Bad Science on Lyme in the NYT (Warning: Semi-Personal Post)

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Monday, 12 August 2013 12:40

Sorry folks, I usually restrict this blog to economic issues, but I am going to stray a little bit here to beat up the NYT over its Room for Debate on Lyme disease. (My wife has Lyme disease.)

Three of the participants in the debate assert that the research shows long-term antibiotic treatment is ineffective for treating people who supposedly suffer from chronic Lyme. The argument is that Lyme is an acute illness that can be effectively treated with 2-3 weeks of antibiotics. In this view, people who continue to experience symptoms after treatment either suffer from some other ailment or are hypochondriacs.

However the claim that the research shows long-term treatment is ineffective is not accurate. Allison DeLong, a statistician at Brown University, reviewed the three most often cited studies that claim to find long-term antibiotic treatment is ineffective. Her analysis showed that one of the studies had insufficient power to reach any conclusion about the effectiveness of treatment.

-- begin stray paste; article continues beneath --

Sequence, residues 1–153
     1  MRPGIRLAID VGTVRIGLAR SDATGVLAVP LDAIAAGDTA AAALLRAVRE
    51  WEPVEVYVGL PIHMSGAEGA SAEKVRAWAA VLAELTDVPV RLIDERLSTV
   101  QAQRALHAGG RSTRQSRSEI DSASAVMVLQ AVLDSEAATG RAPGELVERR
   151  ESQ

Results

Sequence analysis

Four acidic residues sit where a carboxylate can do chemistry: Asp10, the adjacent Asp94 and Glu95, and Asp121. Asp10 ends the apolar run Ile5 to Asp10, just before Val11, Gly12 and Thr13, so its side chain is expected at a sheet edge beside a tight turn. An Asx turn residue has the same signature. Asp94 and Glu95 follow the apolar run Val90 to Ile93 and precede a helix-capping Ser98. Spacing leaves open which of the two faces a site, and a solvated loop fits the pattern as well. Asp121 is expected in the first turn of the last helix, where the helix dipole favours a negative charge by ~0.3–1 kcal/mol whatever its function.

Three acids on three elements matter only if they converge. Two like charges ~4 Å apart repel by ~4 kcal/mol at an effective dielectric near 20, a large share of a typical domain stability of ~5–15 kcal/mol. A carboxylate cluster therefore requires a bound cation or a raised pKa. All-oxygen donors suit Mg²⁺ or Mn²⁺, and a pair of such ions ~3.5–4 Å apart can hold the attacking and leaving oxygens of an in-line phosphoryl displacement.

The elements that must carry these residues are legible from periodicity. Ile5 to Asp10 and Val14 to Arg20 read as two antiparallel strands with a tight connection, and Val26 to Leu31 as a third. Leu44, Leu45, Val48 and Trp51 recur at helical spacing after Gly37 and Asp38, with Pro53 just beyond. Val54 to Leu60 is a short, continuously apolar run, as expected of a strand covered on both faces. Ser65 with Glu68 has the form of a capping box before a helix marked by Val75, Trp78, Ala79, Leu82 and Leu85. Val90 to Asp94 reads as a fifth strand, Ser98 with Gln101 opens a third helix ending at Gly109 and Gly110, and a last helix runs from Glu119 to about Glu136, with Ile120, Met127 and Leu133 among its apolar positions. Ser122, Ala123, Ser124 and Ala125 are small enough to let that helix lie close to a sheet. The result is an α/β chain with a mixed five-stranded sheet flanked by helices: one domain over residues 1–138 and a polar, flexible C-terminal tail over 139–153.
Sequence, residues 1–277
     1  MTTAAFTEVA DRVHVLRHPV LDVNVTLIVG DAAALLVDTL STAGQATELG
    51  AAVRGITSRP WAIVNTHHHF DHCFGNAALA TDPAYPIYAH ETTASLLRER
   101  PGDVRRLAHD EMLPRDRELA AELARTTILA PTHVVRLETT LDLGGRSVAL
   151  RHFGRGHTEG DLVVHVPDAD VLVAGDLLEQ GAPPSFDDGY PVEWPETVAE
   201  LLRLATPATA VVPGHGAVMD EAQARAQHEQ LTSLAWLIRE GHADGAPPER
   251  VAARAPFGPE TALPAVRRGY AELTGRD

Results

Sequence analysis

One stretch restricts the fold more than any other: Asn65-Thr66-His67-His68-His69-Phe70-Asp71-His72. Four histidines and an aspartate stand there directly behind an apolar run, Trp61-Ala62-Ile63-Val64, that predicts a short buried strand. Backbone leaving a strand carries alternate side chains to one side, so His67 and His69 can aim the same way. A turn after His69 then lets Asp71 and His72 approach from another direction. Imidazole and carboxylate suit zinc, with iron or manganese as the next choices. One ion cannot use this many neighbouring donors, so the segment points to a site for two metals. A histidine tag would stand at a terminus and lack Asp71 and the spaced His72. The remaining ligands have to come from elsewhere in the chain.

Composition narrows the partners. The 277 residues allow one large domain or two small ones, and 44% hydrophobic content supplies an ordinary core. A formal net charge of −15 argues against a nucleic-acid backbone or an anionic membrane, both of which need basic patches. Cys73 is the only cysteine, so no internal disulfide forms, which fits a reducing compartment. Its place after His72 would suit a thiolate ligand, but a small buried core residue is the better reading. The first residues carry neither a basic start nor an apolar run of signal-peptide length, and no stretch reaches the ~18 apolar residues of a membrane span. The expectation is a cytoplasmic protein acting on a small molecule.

A second study showed that, while they were being treated, patients were significantly healthier than patients in the control group. This result has been ignored because the study also found that patients relapsed after the end of treatment. In other words, the study concluded that because 3 months of treatment did not cure patients (some of whom had already had years of antibiotic treatment), that treatment was ineffective.

The third study in fact did find that treatment led to a statistically significant improvement in patients' health according to the main measure the researchers had chosen (a measure of fatigue). However they opted to ignore this finding because the measure was subjective. The researchers also were confused about their own findings, wrongly believing that the double-blind nature of the study had been compromised even though the treatment and control group gave nearly identical answers when asked whether they thought they were being treated.

Given the importance of DeLong's findings to the Lyme debate it would have been appropriate to include her views in this exchange or to at least find an expert who was familiar with her research. It is a serious disservice to have an exchange on Lyme that does not include any mention of the latest research on the topic.